There are good reasons to back up your company files and data on the cloud, but you may be hesitant to store information off-site. Is using the cloud for backups and storage really the best method for your company?
Here at iTernal Networks, we are often asked this question. There are reasons for doing local backups or using the cloud – or even both. When discussing which one is best, the argument will boil down to the pros and cons involved. So what are the pros and cons of cloud backup, and do the pros outweigh the cons?
Let’s learn about the benefits of each method and which is better if and when a disaster hits.
Cloud Backup, Cloud Storage, Disaster Recovery
iTernal Networks provides cloud backup and disaster recovery services to businesses. Our experience has given us a strong look at the benefits of using the cloud vs doing backups on local networks. Here is what we found – but before we start, let’s define what cloud backup is.
Cloud Backup: What Is It and Why Is It Important?
What Is Cloud Backup?
In a nutshell, cloud backup involves backing up internal electronic files and/or databases to an off-site location to protect them from becoming lost. Your electronic copies are stored with a third-party service provider for a fee.
Cloud providers can be specific or general in the type of data they store, and more companies offer cloud-based services each year. One look at the major cloud computing services offered today, and it can be hard to know where to start. Even Google’s cloud capabilities may be an asset for you.
This is where working with a managed service provider like us fits in.
The Pros and Cons of Cloud Backup
What is the advantage to using a cloud backup? Let’s learn about the benefits.
Cloud Data Backup Advantages
Typically cloud backups are cheaper than local backups because you don’t need to purchase and maintain the systems and staff to do it. With cloud backups, you only pay for the service and space to match the quantity of data you need to store.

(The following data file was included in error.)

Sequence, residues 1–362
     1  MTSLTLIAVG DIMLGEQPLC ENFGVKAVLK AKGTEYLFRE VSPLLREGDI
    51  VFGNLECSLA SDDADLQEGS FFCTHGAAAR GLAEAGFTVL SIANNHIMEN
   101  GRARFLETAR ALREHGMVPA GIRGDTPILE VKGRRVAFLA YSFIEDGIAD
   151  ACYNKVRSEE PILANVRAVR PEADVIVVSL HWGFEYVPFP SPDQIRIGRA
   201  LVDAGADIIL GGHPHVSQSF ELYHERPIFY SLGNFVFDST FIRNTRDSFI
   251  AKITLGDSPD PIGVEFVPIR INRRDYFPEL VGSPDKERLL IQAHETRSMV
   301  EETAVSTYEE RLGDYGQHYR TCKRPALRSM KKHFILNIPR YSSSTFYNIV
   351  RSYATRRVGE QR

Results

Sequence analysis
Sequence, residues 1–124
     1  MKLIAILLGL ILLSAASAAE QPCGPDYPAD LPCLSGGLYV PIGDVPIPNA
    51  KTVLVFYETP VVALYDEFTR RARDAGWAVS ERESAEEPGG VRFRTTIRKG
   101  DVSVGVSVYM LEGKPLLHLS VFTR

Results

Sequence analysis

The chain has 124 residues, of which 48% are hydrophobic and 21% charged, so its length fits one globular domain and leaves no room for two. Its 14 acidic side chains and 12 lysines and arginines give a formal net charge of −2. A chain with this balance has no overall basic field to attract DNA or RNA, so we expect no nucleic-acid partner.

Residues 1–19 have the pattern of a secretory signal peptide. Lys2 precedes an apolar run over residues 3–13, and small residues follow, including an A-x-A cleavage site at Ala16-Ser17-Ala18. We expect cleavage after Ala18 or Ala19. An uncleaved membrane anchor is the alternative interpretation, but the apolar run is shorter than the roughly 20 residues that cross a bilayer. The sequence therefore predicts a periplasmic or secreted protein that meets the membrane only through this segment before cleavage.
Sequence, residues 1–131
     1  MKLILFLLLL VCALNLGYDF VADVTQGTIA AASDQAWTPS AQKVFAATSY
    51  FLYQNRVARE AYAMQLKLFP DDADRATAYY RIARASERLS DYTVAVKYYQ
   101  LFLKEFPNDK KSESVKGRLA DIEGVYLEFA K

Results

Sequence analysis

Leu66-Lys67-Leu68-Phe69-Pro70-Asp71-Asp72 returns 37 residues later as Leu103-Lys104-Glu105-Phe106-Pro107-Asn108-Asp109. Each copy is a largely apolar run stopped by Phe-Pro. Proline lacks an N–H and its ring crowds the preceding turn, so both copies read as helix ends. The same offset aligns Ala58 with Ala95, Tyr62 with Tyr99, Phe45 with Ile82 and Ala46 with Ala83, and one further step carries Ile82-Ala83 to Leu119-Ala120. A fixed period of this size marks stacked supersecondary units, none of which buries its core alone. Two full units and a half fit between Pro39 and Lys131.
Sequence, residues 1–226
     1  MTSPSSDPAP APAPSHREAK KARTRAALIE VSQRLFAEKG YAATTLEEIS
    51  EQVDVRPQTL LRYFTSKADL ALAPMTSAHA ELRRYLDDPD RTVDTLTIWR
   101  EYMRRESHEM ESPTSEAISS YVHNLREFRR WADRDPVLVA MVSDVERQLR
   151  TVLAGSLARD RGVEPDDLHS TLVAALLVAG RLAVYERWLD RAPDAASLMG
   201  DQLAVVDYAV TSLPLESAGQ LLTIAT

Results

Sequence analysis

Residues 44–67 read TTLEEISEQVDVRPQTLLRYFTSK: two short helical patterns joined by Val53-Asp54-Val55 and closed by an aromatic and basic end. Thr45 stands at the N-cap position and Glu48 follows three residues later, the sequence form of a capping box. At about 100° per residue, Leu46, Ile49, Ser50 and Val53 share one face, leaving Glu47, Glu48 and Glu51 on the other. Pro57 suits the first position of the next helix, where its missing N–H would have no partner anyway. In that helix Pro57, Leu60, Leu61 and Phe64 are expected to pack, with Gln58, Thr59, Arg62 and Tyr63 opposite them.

Since cloud providers are storage experts and have all the needed hardware in-house, they take on the burden of backing up your systems so you can concentrate on other business needs. These companies ensure backups are done correctly, avoiding accidental download and hardware issues that can disrupt the process. Cloud backup providers are experts, and you can leave the responsibility up to them.
Since cloud providers hold massive amounts of data, they can most likely store any amount you need. As your business grows, you can store more data quickly and easily, paying only for the amount of storage you use.
Having a company do regular backups helps protect you from cyber attacks such as phishing, ransomware, malware. These cloud companies base their reputations on safety and security, so you can rest assured they will have ample protections in place. And often, the information is encrypted, providing an extra layer of protection against attack.
No limit to the types of storage
Cloud providers can backup data locally and in remote devices, such as on remote devices such as laptops and tablets.
You can choose how frequently you want it done to navigate costs. It is best to start with a full backup, which can take a few days. Still, you can follow that up with incremental backups (backing up just the new or changed data since the prior backup) or differential backups (like an incremental backup, but only updating changes from the full backup rather than the last incremental backup). Companies like us can evaluate your needs and suggest a method that is best for your data and budget.
The Cons of Cloud Backup
There are times when the cloud may not be the answer. These may be some of them.
Cloud Backup Disadvantages: